Japan’s ruling party faced the prospect of political gridlock on Monday as bad losses in weekend parliamentary elections undermine its attempts to reduce the ballooning budget deficit and revive growth in the world’s second—largest economy.
Half the 242 seats in the upper house of parliament were up for grabs on Sunday. The ruling Democratic Party of Japan won only 44 seats, far below its stated goal of 54, while opposition parties made major gains.
That leaves the Democrats and their tiny coalition partner with 110 seats in the chamber, well below their majority of 122 before the vote. The conservative Liberal Democratic Party won 51 seats, bringing its total to 84.
Prime Minister Naoto Kan’s party will retain power because it still controls the more powerful lower house. But the results are a dramatic contrast to the Democrats’ landslide victory just a year ago, when they seized control of parliament and ended the rival Liberal Democrats nearly unbroken 55—year rule.
The Democrats didn’t appear to be reaching out to other parties on Monday to join their coalition and none showed an interest in coming on board. Mr. Kan said early Monday that the party might seek the cooperation of other parties on a policy—by—policy basis.
Without a majority in the upper house, the Democrats will find it difficult to move ahead on their agenda, which includes cutting wasteful spending, making government more open and creating a solid social security system as the population rapidly ages and shrinks.
In office just a month, Mr. Kan warned that Japan’s finances could face a Greece—like meltdown if it doesn’t cut back on soaring debt, twice the country’s GDP, and suggested raising the sales tax as a solution.
But voters, already suffering from the economic downturn, rejected that idea.
“The sudden announcement increased voter distrust towards Mr. Kan. No one is sure what he is going to come out with, and the feeling is that he may suddenly go back on past promises,” said Koichi Nakano, a political science professor at Sophia University in Tokyo.
Mr. Kan acknowledged defeat early Monday morning, saying he failed to fully explain his proposal to raise the sales tax from five percent to as much as 10 percent in coming years.
While many voters say a tax hike may be inevitable, they want a more detailed discussion first.
“If we look at the deficit, it’s reasonable to raise taxes to 10 percent, because we really have to revitalize the economy,” said Sadako Fukano, 71, a housewife in Tokyo. “However, the prime minister’s explanation as to where he’s going to spend the tax money wasn’t enough.”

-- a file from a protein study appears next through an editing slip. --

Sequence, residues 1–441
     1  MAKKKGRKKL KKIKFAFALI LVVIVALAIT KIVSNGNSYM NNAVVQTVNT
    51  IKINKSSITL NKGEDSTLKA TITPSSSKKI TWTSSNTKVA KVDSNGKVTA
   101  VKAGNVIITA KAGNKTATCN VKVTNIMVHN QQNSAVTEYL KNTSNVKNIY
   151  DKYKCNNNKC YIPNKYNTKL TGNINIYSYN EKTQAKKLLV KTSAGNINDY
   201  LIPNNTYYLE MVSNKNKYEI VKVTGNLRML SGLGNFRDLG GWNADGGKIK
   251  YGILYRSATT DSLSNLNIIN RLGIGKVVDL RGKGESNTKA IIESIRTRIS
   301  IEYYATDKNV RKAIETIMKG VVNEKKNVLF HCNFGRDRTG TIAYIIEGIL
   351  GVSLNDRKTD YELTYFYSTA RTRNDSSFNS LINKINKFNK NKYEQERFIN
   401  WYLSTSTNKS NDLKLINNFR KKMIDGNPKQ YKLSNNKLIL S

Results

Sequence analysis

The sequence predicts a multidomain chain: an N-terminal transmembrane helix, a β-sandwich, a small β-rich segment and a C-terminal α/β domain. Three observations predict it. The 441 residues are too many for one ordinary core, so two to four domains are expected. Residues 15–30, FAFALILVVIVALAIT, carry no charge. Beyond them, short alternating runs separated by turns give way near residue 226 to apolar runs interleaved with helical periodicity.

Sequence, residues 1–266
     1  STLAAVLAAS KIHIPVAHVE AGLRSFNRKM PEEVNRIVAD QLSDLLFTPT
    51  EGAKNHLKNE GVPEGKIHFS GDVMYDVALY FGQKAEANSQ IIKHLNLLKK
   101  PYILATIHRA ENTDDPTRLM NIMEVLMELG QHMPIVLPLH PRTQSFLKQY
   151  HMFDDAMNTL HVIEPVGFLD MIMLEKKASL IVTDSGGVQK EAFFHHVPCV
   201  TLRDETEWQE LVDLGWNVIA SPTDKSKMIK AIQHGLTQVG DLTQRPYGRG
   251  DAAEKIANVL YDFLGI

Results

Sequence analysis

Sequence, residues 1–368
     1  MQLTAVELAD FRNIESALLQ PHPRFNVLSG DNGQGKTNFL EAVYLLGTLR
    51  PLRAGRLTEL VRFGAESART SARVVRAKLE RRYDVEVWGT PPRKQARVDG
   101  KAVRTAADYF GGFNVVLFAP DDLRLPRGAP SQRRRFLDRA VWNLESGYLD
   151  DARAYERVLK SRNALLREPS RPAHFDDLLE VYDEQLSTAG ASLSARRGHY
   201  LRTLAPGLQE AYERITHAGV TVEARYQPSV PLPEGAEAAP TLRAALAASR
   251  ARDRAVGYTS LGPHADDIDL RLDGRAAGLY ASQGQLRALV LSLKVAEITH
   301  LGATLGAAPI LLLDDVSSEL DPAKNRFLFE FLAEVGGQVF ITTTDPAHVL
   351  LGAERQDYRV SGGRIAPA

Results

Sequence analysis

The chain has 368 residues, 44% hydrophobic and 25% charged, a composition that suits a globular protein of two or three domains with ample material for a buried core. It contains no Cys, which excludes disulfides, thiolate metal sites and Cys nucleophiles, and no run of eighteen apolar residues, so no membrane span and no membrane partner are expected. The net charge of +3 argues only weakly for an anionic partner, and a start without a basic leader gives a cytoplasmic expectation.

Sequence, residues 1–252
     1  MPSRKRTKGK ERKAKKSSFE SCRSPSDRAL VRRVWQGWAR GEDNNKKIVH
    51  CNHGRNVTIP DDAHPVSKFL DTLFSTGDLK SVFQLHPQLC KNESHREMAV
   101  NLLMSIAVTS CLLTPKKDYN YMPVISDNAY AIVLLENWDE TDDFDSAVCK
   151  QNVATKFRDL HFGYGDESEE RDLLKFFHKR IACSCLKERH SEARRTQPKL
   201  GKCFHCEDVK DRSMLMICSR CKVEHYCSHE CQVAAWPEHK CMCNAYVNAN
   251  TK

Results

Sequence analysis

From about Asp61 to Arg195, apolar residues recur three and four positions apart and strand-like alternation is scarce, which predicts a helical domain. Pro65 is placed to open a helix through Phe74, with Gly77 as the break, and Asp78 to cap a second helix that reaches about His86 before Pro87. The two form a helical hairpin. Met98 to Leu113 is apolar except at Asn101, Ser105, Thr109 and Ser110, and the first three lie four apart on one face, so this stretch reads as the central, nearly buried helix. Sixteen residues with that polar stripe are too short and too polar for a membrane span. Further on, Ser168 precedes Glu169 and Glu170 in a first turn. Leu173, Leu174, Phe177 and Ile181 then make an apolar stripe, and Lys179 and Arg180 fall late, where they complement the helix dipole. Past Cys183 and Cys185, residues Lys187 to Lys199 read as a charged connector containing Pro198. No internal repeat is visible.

While Japan’s public debt is serious, analysts say any comparison to Greece is an exaggeration, because most government bonds are held by domestic investors, who are unlikely to dump them.
Sunday’s results also underlined deep public disappointment over how the Democrats had gone back on their campaign promises. Chief among them was former Prime Minister Yukio Hatoyama’s failure to move a U.S. Marine base off the island of Okinawa, which along with a funding scandal chased him from office last month.
Mr. Kan, a former finance minister with roots in grass—roots activism, enjoyed support ratings of more than 60 percent when he took office in early June.
But that plunged after he proposed the tax hike. As the elections neared, Mr. Kan backtracked and promised there would be no tax increase until after the next lower house election, which must be held within three years.
The swing in public opinion has emboldened the opposition and raises the spectre of gridlock on key legislation such as the budget. Smaller parties quickly distanced themselves from the ruling Democrats on Monday.
“Even if there was an offer to form a coalition, we wouldn’t do so,” said lawmaker Yoshimi Watanabe, who heads the new Your Party, which won 10 seats.
Japan is deeply invested in worldwide markets, and slow growth here can have a significant impact on the global economy. Mr. Kan said his experience as finance minister made him keenly aware of the need to keep Japan’s economic engine running and not seek short—term fixes.
But now, Mr. Kan may struggle to achieve his policy goals.
“Because of political compromises ... ‘bold’ measures of either fiscal restoration or fiscal stimulus are unlikely to be taken, and the government measures are likely to be neutral or small for the economy,” Takuji Aida, an economist with UBS in Tokyo said in a note to clients.
Mr. Kan said he planned to keep his job and does not plan a major shake—up of the Cabinet, though he must defend his post in party polls in September. He vowed to press on with economic reforms even if they are not easy to stomach.
“I sincerely and humbly accept this result,” he said. “I will continue to push for responsible government.”